Purple List has a similar look and feel to Quora, G+, or Focus, and it’s organized along the lines of Intota’s directory model. The about section suggests that they will charge the respective expert for listings, and those needing new ideas and inspiration can peruse profiles for free.

Sadly, a paid listings model will probably limit the opportunity of this marketplace. It’s just hard to say what an expert would get for their $20 profile.

We, as investors, do not feel we are at the point yet where it is necessary to ban managers from using experts. Furthermore, we will still invest in managers that do utilise the services of experts. However, it is essential for us to hold managers to a higher standard and demand that they implement specific practices.

Joshua Barlow, associate director at PAAMCO, underscoring the importance of sharing and enacting robust firm-level compliance policies in the absence of regulator-derived policies: via COO Connect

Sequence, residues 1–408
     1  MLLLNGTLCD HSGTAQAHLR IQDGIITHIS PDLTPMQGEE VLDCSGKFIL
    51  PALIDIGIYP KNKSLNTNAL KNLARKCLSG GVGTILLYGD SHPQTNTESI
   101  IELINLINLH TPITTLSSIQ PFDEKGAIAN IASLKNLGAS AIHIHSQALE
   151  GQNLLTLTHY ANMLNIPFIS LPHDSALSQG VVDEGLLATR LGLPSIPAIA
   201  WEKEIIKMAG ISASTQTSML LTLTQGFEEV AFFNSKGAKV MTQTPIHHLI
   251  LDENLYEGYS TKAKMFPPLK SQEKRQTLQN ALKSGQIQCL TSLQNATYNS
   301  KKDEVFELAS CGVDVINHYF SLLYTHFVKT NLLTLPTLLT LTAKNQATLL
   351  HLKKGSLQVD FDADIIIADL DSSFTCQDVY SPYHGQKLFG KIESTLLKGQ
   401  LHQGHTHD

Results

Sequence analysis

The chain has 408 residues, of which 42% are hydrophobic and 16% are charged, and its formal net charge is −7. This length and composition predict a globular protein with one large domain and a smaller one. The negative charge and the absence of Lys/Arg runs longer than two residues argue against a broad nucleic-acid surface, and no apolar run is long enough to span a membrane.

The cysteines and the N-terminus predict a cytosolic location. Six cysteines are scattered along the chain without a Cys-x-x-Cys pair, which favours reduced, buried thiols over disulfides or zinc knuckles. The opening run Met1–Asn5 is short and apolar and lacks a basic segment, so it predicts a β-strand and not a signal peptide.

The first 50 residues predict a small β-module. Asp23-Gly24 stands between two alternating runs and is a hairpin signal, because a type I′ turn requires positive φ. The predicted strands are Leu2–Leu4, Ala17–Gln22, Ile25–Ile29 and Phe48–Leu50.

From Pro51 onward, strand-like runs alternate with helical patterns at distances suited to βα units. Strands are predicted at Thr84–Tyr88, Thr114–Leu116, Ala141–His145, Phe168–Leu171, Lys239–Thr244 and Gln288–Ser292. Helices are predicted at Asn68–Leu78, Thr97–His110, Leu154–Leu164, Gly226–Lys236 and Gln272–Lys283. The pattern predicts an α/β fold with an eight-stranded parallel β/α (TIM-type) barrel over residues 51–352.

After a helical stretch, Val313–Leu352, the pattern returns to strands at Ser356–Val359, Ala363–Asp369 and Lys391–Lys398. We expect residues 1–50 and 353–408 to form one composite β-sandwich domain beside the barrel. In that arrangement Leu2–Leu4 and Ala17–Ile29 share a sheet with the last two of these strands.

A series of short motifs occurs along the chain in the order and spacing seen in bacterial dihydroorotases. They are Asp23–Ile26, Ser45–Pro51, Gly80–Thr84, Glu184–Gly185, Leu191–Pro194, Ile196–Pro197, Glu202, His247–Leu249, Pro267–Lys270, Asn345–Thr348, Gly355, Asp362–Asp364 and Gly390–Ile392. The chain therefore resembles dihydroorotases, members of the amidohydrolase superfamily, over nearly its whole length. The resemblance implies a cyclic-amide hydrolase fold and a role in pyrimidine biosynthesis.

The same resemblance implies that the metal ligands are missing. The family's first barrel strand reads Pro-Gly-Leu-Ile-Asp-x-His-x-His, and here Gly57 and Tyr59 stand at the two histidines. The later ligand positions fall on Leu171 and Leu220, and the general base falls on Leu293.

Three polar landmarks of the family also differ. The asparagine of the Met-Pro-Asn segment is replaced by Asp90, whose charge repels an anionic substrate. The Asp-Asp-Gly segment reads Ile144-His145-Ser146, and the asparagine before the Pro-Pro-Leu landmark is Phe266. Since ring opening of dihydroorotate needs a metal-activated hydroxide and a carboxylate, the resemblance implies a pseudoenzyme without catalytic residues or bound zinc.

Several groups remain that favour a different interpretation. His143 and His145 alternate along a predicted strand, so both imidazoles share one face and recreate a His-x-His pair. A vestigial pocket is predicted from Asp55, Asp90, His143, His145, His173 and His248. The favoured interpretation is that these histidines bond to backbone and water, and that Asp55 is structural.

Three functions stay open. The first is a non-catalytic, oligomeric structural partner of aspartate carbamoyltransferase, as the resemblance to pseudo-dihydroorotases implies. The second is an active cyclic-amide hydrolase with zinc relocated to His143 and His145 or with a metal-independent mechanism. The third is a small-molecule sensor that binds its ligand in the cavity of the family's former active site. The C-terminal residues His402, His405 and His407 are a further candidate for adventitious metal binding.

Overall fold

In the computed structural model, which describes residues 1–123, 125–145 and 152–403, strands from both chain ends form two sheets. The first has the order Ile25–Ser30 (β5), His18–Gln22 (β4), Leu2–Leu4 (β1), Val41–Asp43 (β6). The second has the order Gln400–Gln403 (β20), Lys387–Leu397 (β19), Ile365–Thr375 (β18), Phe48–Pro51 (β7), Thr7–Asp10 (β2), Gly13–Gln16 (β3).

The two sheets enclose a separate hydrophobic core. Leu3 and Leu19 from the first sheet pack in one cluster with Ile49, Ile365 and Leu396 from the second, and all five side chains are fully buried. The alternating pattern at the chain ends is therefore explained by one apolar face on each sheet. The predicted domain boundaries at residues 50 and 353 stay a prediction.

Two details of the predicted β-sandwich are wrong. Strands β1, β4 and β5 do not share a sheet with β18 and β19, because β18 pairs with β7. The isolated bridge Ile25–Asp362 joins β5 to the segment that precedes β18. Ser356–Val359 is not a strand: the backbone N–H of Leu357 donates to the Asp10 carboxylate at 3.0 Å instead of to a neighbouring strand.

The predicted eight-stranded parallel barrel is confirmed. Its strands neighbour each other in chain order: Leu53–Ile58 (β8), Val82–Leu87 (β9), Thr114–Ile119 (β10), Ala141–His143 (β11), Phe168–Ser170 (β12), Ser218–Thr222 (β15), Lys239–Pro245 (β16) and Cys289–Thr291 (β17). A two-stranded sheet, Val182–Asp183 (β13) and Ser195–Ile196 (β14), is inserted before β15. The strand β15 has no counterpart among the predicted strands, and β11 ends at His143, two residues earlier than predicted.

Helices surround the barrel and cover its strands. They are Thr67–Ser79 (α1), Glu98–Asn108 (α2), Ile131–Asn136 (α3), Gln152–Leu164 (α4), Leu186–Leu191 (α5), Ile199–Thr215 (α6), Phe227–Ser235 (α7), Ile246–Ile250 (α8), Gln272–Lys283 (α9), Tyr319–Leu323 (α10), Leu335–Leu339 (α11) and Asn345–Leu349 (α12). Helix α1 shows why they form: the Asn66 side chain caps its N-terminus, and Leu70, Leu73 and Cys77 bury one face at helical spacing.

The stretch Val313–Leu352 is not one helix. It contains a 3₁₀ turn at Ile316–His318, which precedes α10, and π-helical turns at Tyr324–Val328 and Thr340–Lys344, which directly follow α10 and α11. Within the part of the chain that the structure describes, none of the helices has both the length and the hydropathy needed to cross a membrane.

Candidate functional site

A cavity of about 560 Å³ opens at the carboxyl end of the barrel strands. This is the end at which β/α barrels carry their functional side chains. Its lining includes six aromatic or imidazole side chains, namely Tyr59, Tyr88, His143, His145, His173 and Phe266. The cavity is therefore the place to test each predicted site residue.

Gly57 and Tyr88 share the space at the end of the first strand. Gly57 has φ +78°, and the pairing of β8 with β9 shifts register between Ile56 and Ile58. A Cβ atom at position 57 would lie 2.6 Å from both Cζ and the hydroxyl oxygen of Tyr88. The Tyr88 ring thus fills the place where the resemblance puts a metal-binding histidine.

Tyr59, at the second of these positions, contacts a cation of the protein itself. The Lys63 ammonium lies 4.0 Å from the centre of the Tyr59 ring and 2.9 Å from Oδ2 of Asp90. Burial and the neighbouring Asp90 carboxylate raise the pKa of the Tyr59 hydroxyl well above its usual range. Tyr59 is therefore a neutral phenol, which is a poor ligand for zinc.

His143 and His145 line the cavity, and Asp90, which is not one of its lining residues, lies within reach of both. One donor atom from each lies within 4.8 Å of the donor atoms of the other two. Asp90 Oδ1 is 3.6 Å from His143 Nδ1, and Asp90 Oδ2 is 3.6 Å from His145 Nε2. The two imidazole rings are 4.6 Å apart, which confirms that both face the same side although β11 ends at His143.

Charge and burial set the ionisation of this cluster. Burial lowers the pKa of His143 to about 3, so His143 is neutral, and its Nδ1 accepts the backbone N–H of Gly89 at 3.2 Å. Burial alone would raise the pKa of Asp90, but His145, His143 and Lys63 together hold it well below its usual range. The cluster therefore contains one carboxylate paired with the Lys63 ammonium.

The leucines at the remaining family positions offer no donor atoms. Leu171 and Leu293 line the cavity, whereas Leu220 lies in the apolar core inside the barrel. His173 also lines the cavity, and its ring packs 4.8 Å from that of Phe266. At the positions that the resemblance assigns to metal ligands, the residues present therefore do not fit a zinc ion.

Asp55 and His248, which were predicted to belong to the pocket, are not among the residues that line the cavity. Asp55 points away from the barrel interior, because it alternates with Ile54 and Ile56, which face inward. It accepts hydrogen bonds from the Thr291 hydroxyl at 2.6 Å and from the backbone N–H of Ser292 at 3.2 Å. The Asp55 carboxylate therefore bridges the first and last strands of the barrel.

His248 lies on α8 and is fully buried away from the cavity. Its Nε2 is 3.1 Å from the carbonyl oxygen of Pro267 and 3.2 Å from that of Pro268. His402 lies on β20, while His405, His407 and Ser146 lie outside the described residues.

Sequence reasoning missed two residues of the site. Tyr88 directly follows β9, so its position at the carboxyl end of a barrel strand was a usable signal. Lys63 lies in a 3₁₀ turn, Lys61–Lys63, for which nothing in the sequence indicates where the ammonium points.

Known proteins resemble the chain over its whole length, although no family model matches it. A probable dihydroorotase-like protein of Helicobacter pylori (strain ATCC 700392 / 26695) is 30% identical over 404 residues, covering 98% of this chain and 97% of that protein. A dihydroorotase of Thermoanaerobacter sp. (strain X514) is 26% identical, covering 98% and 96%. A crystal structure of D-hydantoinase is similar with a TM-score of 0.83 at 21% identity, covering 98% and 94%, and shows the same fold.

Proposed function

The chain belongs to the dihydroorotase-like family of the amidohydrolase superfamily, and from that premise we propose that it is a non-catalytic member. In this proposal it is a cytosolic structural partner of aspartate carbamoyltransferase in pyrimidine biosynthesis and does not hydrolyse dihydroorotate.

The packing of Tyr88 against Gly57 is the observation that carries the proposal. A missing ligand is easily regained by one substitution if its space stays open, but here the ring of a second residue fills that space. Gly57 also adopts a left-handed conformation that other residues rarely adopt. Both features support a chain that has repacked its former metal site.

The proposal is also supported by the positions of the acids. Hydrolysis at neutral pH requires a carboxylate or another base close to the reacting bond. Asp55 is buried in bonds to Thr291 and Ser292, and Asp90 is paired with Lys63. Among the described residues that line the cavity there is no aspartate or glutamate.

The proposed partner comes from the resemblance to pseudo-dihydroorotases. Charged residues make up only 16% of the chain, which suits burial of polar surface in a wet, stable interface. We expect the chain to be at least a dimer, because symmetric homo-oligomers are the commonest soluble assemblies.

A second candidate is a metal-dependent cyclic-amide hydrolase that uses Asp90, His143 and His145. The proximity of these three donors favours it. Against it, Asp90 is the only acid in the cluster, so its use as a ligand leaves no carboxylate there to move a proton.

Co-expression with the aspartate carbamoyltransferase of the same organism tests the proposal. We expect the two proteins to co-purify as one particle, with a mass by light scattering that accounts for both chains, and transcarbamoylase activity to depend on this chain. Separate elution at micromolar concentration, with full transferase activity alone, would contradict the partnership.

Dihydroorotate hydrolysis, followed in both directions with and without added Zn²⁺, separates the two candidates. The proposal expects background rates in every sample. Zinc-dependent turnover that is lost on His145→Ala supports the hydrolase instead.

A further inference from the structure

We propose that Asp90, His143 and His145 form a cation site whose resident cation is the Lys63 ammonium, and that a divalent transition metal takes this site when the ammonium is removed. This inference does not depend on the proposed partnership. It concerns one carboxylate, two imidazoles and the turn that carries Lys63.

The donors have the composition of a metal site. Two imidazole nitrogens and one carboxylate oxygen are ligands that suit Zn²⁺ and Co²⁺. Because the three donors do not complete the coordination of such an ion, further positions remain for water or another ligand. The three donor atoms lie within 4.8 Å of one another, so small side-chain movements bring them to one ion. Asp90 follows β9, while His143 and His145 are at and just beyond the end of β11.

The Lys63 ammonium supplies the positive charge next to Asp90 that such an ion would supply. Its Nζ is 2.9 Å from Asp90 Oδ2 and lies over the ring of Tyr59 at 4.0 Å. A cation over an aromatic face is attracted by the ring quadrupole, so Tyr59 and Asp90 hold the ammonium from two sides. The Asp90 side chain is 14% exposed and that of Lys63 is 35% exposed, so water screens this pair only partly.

Why did Gerson Lehrman Group outsource payment and contract management to metratech?

Strip away all the fancy experts, managers, and front-line service-professionals from an expert network, and you see, at the bedrock of the business, payment and contract management.

Why would you outsource that? Why would you give up square one of the organization?

True. Payment platforms are commodities. Click-through contracts are procedural, annoying, and available. It’s tempting to let someone else take care of it. After all, a good cook doesn’t necessarily have a farm. In fact, they rely on others to produce the highest-quality ingredients for their recipes.

But it’s a bad idea.

Gerson Lehrman Group isn’t outsourcing individual ingredients. They’re outsourcing the recipe.

[NB: I’m surprised Integrity Research didn’t cover this.]

The reality is that LinkedIn has been used as a proxy expert network by many for some time now

Ross Dawson, a self-described globally recognized leading futurist, entrepreneur, keynote speaker, strategy advisor, and bestselling author, opining on the state of expert networks.